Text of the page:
I got used to it pretty quickly.  I think I stopped trying to make it look like pencil, and that was the key to getting a nice line.  I think it works best with the brush in flash.  I also do not rely on it for work that I need to be a bit more cinematic... the cintiq seems to excel at television type work, but lacks that feel and texture for the big screen.

Cintiq's are great for immediate gratification. There's no other tool that can get you through a deadline, particularly when working in flash. I've also found the Cintiq most helpful for photoshop work like coloring, filling etc.  But what the Cintiq destroys is texture and that gritty sense of reality. No matter what, there is the looming fact that you are NOT working on paper, and all that you draw does not actually exist in real life.  You are simply organizing one's and zeros, and when the power is off, those drawings don't exist.  

There is one other thing that bothers me about the Cintiq.. Animation as a medium used to create masses amount of tangible artwork. This artwork is very valuable and can be exhibited or sold at a gallery or from the studio.  For me, it's become a nice piece of income for the studio. I think many animators are cheating themselves out of the creation of some great artwork on paper.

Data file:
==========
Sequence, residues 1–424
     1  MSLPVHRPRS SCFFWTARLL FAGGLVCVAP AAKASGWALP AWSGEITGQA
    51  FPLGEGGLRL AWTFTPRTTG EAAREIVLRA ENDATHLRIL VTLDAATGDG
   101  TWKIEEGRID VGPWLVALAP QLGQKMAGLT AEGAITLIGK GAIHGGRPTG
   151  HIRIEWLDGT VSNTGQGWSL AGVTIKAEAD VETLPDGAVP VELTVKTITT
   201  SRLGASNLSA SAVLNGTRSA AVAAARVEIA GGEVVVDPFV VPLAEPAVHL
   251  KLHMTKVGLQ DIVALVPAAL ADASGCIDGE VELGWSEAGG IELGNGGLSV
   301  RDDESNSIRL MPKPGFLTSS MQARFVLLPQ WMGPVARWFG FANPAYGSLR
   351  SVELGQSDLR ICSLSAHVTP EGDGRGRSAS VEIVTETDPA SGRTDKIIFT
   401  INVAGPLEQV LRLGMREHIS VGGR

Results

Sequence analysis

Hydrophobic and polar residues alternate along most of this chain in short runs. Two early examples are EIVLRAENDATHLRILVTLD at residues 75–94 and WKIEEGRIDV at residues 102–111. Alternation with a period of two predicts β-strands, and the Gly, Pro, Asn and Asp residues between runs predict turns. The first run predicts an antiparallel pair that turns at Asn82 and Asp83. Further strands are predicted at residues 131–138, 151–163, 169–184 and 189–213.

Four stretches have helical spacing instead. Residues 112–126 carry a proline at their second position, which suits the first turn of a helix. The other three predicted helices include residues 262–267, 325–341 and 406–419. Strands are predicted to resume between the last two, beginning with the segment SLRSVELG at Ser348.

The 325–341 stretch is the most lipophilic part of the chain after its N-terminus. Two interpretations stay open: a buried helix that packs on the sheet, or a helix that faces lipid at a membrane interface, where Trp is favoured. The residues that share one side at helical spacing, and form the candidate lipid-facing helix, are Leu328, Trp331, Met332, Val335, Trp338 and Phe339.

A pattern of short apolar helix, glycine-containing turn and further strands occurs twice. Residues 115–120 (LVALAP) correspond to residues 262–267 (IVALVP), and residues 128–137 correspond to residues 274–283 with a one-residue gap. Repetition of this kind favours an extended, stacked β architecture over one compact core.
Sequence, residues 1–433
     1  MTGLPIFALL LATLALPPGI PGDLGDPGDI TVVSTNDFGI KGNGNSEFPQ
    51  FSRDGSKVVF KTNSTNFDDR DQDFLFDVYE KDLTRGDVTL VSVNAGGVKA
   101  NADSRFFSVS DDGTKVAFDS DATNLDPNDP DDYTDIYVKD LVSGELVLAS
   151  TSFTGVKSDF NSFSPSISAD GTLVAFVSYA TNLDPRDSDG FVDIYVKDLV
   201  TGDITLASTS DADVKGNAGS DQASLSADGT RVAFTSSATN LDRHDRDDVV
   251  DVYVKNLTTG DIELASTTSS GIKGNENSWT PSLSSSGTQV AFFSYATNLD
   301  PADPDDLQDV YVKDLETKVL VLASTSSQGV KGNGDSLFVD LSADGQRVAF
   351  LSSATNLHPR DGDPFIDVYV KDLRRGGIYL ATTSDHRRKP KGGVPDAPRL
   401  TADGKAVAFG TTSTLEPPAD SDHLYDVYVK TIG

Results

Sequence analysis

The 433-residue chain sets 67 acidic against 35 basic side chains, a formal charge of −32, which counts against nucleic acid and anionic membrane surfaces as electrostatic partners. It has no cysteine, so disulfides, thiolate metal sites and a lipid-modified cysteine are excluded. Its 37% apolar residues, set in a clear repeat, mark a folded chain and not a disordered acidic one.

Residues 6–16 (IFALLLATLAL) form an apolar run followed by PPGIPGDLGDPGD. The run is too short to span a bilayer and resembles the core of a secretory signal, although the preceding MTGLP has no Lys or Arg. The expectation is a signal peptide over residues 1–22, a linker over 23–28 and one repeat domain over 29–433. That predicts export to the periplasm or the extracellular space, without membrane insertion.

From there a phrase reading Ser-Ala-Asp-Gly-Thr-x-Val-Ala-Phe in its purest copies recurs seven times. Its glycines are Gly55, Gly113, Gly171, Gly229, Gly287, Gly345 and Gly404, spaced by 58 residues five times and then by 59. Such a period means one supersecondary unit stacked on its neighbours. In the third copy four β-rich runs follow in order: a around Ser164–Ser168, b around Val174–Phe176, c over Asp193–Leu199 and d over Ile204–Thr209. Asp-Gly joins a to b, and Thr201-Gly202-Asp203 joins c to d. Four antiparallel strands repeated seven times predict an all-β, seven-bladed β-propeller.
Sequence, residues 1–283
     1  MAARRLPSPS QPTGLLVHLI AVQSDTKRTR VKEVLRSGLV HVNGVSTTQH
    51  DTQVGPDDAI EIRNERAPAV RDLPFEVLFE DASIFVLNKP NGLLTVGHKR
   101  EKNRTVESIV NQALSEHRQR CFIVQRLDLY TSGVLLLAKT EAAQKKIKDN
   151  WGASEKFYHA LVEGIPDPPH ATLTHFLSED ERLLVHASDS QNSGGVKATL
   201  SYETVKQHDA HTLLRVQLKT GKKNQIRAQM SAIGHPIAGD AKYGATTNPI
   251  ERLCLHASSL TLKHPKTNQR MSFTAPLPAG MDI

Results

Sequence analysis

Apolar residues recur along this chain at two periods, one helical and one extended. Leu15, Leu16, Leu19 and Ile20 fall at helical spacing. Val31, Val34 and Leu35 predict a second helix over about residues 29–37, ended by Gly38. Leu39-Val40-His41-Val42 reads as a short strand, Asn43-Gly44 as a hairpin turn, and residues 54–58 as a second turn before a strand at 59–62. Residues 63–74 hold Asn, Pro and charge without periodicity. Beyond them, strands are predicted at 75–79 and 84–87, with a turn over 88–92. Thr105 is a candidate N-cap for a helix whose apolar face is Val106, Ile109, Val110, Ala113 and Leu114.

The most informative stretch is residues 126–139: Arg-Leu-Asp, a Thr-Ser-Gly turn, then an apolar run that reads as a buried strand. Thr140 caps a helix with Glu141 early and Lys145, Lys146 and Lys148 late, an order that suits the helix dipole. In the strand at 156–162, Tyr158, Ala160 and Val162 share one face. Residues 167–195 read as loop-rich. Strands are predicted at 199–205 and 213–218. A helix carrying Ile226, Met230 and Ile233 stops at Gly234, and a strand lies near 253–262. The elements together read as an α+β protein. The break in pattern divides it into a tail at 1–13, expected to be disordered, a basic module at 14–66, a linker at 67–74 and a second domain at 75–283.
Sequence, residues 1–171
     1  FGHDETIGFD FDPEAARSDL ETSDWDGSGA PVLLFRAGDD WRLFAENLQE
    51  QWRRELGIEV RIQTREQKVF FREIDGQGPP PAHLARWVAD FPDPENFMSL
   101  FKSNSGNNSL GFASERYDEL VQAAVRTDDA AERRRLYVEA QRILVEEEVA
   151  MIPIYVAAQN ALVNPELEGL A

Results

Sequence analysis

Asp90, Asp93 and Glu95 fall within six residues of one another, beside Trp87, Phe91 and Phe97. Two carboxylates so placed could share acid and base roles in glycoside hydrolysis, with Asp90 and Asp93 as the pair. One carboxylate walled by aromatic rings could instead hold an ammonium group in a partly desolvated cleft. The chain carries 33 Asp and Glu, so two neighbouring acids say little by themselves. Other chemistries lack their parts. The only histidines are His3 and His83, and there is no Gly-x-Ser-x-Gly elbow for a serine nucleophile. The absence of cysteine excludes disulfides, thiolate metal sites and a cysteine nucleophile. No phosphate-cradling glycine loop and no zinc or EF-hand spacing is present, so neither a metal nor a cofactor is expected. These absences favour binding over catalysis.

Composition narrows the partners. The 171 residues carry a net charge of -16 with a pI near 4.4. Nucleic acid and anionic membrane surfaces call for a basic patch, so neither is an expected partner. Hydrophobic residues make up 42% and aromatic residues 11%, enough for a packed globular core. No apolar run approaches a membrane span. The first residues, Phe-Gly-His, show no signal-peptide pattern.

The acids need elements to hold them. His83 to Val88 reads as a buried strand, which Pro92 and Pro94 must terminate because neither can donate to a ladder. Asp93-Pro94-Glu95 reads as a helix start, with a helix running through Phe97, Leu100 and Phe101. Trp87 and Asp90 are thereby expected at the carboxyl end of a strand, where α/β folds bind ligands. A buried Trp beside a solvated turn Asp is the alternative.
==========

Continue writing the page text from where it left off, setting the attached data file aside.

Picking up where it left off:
Mike Cachuela (Portland)

No need to wait for scanning. You draw. It's in the computer. I still like to mix it up a little and do thumbnails and roughs on paper. Then scan those in and have a photoshop action that cuts them, crops them and puts them all in neat psd panels ready to be toned or edited or whatever you want to do.

Now then, you don't have any original drawings no more. No finished drawings. Then again, all those "Nightmare Before Christmas" boards we did with the pen that Tim Burton supposedly used at the time? All those ink lines faded and faded into faintness.

It seems like a real cool, space-age piece of technology until the radiation starts disintegrating your wrists (just kidding about the radiation --- I hope).

The trick is getting a good ergonomic work station going. It's hard to find a good place for your keyboard if you use it while you draw. Also if you're already familiar with the drawing programs you are going to use that helps too.

If you really get into illustrating on a Cintiq or any digital interface I guess, you can make your own digital brushes or copy brush sets from your friends. Also I tend to integrate more mask layers and lighting effects that photoshop layers provide. Much the same way you would lift graphite off the paper to add highlights.